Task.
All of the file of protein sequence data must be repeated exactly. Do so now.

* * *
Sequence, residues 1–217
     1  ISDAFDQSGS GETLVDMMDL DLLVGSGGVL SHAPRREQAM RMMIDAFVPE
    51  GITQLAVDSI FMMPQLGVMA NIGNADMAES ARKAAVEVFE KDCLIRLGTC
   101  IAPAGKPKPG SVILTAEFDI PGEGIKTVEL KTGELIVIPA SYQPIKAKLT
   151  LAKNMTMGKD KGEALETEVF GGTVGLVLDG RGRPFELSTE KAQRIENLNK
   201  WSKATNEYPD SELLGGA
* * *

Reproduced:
Sequence, residues 1–217
     1  ISDAFDQSGS GETLVDMMDL DLLVGSGGVL SHAPRREQAM RMMIDAFVPE
    51  GITQLAVDSI FMMPQLGVMA NIGNADMAES ARKAAVEVFE KDCLIRLGTC
   101  IAPAGKPKPG SVILTAEFDI PGEGIKTVEL KTGELIVIPA SYQPIKAKLT
   151  LAKNMTMGKD KGEALETEVF GGTVGLVLDG RGRPFELSTE KAQRIENLNK
   201  WSKATNEYPD SELLGGA